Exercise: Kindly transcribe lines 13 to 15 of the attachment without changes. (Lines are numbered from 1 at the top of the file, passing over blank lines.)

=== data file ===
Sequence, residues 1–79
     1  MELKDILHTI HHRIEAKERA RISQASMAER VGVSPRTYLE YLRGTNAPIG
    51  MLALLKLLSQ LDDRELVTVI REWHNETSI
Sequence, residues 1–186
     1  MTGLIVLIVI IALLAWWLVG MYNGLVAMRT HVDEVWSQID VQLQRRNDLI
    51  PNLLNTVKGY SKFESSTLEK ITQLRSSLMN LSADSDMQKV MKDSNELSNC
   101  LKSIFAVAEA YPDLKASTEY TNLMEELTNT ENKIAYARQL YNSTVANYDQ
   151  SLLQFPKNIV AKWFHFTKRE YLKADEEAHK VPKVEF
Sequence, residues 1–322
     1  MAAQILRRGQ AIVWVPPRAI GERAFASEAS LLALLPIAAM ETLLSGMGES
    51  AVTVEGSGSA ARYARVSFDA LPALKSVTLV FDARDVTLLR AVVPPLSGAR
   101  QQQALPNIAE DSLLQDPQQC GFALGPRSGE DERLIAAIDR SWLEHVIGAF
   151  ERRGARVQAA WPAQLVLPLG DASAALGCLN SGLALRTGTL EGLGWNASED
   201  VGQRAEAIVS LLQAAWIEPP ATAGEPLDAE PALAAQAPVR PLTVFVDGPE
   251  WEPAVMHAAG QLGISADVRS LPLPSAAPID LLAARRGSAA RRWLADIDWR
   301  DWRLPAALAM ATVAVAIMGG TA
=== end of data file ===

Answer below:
   151  ERRGARVQAA WPAQLVLPLG DASAALGCLN SGLALRTGTL EGLGWNASED
   201  VGQRAEAIVS LLQAAWIEPP ATAGEPLDAE PALAAQAPVR PLTVFVDGPE
   251  WEPAVMHAAG QLGISADVRS LPLPSAAPID LLAARRGSAA RRWLADIDWR